Over the years, Microsoft’s Surface team has become quite a driver of innovation in the PC space. While the original Surface Pro was mostly just a curio, Microsoft continued to iterate through designs, and eventually found their breakthrough product with the very popular Surface Pro 3 convertible tablet. Since then, Microsoft has been able to further build off of the Surface brand's success with additional and interesting designs, including the Surface Book with its detachable display, the Surface Studio all-in-one, and the Surface Pro X which pushes the Surface Pro design into a new, more modern take on the convertible tablet.

But with a burgeoning brand, Microsoft has also developed some more conservative devices under the Surface family, and this is most evident with Microsoft's Surface Laptop lineup. The Surface Laptop, now in its fourth generation, has never felt like it was as innovative as the other designs, but the most conventional member of the Surface family does something that no other Surface device can: cater to a wider market looking for a more traditional laptop design. As a result, the Surface Laptop has become a quiet workhorse of sorts for the Surface family, filling the need for a traditional clamshell laptop while still finding just enough space to put the Surface flourish on the complete package.

Today, we are looking at the latest generation Surface Laptop 4 to see how the changes under the hood impact the experience of Microsoft’s thin and light clamshell laptop design.

Compared to other popular laptop lineups, the major points of differentiation with the original Surface Laptop were the inclusion of an Alcantara keyboard deck, and a 3:2 aspect ratio display. While neither of those choices were revolutionary, Microsoft’s decisions have, in fact, moved the industry forward. We are seeing many more devices being offered with taller displays, either 3:2 or 16:10, and although the Alcantara keyboard deck has not been replicated by other manufacturers, devices like the all-leather HP Spectre Folio is certainly another device attempting to try a material other than metal to provide a premium laptop feel. And of course, Microsoft hasn't stopped there, and has continued iterating on the Surface Laptop family through now what is several generations.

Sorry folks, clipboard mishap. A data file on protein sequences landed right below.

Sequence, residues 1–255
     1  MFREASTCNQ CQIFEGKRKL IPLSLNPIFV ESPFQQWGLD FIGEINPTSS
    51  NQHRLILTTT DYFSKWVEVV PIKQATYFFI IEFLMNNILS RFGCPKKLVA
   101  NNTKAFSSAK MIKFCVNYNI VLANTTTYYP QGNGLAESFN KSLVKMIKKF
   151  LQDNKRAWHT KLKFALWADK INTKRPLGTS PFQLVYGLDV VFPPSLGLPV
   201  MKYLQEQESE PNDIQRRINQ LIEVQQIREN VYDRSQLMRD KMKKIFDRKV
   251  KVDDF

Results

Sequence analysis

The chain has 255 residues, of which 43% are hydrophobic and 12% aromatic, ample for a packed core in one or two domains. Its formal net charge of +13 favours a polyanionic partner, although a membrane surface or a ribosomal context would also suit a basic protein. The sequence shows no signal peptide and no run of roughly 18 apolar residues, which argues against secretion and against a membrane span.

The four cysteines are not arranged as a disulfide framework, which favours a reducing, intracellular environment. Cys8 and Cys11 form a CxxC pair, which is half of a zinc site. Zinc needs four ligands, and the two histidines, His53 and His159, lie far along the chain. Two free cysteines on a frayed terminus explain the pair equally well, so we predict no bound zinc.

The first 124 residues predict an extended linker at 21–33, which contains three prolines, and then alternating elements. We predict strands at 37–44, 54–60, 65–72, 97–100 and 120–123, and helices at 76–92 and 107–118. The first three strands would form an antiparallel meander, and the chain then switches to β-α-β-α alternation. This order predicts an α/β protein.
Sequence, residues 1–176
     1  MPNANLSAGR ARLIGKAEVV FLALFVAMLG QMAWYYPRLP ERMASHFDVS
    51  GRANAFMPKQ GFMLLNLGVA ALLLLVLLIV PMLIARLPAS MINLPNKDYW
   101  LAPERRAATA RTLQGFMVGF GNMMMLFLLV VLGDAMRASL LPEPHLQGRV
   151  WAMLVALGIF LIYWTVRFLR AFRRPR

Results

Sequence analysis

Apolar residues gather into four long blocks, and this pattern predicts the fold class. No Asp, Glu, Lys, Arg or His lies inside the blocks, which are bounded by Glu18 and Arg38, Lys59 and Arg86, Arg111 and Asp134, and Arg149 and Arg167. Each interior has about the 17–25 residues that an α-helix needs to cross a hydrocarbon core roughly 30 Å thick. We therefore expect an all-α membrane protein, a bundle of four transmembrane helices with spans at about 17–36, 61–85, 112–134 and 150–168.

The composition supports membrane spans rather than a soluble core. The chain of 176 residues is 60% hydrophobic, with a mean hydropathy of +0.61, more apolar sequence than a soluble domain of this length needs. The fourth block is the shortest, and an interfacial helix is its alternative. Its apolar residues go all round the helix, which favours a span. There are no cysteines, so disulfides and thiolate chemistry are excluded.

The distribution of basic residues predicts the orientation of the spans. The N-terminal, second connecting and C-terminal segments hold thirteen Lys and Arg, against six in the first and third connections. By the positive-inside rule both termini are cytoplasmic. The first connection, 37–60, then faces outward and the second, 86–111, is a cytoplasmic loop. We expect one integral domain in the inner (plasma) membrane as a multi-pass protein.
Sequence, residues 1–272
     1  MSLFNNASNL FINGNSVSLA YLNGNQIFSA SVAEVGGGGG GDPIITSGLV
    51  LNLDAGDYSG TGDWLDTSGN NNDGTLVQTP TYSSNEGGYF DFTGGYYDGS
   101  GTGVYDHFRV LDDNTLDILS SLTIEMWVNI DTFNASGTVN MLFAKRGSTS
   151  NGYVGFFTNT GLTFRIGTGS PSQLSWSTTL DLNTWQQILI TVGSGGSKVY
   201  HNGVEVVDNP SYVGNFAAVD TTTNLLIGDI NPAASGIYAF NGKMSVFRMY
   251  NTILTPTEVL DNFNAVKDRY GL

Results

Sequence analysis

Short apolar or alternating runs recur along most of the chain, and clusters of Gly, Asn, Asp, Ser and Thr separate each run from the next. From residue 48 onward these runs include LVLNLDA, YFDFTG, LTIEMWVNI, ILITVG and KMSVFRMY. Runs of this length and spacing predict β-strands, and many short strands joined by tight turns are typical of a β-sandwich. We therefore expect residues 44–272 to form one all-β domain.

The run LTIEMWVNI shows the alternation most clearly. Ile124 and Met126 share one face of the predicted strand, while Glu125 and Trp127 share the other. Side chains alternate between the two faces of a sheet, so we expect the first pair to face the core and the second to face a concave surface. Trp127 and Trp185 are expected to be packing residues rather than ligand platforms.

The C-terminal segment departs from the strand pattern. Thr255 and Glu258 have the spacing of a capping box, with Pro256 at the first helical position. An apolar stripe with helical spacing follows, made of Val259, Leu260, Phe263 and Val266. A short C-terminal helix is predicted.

That brings us to the latest edition of the Surface Laptop, the aptly named Surface Laptop 4. Following their previous decision with the Surface Laptop 3 to source CPUs from both Intel and AMD for their laptops, Microsoft has opted to do the same once more. So depending on which version a given laptop is, it might contain either an AMD Ryzen 4000 "Renoir" APU or an Intel "Tiger Lake" 11th gen Core CPU. This kind of diversification means that the two laptop lines are quite different at times – Intel tops out at half as many CPU cores as AMD, for example – but for Microsoft it gives them a lot of options for performance and pricing, and of course it doesn't leave them beholden to any one CPU vendor.

Microsoft Surface Laptop 4
Model Tested: 15-inch Ryzen 7 4980U / 16 GB / 512 GB
  13.5-Inch 15-Inch
Processor Intel Core i5-1145G7

Intel Core i7-1185G7

AMD Ryzen 5 4680U
Intel Core i7-1185G7

AMD Ryzen 7 4980U
Memory 8GB/16GB/32GB LPDDR4X-3733MHz
Graphics Intel: Intel Iris Xe Graphics
AMD: AMD Ryzen Microsoft Surface Edition Radeon Graphics
Display 13.5" 2256x1504 3:2 PixelSense
Touch and Pen support